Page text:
7. Gail F.

    I’ve binge-watched both seasons of The Umbrella Academy and preferred the second season – yes, Kate Walsh was marvelous. Carnival Row was kind of fun; but was it renewed or not? I binge-watched The Witcher, too; interesting comparison with poor Elric, but the Witcher’s sword isn’t as hungry as Stormbringer as I recall…

    Reply
    • Trystan L. Bass

      Carnival Row finished filming a 2nd season in the Czech Republic “under strict coronavirus protocols” according to reports. When we see a release date, we’ll add it ot the upcoming movies page.

      Reply
  8. Danuta

    A note on the Witcher: the games were based on books, and the show is more faithful to the books than to the games. And I found the show compelling!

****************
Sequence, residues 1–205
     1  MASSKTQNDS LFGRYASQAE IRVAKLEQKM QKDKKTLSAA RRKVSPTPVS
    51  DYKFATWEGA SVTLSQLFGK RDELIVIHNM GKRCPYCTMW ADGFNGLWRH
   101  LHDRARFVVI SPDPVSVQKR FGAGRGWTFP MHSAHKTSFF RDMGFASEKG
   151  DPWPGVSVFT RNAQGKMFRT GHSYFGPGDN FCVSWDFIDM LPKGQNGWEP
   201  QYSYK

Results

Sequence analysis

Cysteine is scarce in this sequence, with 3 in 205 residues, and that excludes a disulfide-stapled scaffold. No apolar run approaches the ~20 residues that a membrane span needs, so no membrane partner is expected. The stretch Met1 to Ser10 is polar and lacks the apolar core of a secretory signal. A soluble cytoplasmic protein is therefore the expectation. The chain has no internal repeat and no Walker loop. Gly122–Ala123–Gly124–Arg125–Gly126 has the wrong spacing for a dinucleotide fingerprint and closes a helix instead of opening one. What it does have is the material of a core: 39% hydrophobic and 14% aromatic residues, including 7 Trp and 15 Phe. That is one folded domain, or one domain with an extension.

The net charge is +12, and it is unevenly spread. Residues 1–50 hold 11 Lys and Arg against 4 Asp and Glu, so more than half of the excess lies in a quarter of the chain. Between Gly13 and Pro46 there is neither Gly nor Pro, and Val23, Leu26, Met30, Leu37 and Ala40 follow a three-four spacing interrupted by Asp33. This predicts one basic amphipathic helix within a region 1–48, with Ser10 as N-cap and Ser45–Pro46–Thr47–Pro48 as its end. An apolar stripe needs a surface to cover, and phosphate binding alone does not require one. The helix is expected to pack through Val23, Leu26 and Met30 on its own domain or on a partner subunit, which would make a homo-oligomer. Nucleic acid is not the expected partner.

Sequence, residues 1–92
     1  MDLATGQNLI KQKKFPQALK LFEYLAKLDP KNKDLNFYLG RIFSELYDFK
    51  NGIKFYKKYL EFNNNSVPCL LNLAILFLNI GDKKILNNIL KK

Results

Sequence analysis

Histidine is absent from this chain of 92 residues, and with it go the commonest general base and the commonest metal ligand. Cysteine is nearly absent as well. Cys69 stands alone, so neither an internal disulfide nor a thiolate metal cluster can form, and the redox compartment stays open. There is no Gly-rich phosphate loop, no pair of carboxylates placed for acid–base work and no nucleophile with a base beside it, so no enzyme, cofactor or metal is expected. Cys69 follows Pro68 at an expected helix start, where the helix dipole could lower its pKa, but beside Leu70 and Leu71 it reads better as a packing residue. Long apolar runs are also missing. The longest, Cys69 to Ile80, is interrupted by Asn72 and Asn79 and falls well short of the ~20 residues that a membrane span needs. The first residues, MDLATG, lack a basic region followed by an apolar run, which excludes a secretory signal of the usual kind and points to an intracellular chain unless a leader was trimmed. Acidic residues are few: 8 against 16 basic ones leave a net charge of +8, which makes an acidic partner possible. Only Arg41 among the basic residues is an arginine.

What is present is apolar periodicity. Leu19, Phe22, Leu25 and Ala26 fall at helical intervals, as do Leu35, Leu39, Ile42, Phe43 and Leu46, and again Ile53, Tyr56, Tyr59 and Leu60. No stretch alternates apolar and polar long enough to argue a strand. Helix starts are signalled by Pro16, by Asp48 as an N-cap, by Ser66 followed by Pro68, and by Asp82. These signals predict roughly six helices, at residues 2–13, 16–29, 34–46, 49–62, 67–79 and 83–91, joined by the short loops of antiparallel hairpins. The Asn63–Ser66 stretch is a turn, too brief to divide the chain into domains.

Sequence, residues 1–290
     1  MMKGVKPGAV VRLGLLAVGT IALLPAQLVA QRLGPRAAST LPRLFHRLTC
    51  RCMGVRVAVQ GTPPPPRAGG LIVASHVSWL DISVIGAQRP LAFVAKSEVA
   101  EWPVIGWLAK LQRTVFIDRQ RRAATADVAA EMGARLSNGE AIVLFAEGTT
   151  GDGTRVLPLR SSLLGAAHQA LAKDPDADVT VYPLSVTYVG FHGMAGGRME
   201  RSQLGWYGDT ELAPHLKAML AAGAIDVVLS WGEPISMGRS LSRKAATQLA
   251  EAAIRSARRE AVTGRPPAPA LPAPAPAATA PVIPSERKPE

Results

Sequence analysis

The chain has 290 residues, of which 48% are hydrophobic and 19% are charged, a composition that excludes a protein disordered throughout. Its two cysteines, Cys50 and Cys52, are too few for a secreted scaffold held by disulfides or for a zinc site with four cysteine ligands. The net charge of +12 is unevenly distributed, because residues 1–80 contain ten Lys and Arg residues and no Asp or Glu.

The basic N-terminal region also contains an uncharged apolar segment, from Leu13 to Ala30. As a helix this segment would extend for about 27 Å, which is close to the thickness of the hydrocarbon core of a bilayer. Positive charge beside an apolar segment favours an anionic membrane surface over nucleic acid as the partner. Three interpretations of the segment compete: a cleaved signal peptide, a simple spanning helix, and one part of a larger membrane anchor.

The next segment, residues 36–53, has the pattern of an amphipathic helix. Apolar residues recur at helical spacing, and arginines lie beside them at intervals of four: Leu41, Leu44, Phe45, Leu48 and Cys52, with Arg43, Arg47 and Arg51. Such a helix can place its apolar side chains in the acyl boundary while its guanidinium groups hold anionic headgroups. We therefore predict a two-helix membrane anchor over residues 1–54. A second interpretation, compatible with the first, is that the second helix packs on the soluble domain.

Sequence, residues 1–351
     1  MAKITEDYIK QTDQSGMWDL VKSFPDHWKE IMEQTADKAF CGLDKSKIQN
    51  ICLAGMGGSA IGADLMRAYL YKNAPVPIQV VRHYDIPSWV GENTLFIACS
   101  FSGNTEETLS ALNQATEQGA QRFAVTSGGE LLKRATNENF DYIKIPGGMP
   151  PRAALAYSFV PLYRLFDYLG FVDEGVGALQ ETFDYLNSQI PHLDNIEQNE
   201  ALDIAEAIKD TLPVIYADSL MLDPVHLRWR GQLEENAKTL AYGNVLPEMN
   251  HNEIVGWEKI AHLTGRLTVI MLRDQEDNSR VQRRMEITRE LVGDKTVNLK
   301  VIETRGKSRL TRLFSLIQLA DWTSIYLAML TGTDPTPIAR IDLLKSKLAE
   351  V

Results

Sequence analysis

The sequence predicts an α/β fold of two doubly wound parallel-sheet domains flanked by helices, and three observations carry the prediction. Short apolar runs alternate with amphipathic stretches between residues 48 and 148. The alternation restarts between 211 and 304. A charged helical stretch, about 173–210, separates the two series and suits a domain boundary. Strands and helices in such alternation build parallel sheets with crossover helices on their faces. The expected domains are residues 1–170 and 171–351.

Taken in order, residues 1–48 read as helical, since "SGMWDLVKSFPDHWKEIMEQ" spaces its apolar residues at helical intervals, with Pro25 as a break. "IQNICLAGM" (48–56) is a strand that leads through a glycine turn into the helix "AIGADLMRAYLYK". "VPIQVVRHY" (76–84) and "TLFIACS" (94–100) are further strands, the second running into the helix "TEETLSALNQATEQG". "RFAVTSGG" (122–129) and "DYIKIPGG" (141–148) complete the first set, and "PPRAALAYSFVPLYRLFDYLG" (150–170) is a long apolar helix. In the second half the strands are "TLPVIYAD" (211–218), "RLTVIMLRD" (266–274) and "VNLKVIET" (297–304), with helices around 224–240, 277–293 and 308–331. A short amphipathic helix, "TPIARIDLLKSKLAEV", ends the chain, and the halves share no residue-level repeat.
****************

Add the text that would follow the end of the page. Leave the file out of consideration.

Reply
  9. Ayla

    Yes! I really liked Cursed, I didn’t have high expectations so I was pleasantly surprised :D Also enjoyed Umbrella Academy and Carnival Row, although CR probably less than the the other two. Fun to read about them on your blog!

    Reply
  10. Lily Lotus Rose

    LOVED The Umbrella Academy–seasons 1 and 2.
    LOVED and just binged the original run of Penny Dreadful (and am sorry that I don’t have Showtime to see the newest iteration.)
    REALLY LIKED The Witcher.
    LIKE / TOLERATED Cursed.
    PASSED on Carnival Row, but will probably break down an watch it eventually.
    HOLDING MY BREATH re Amazon’s LotR.

    Reply
  11. Roxana

    When you write, I hear this got favorable reviews, are you referring to the Show Witcher, or the very nice rear view of Henry Cavill? 😁

    Reply
  12. Amneris

    Just add 5 cents here – The Witcher is not based on video game actually, but on the books by Andrzej Sapkowski :) the game and books have completely different plots.

    Reply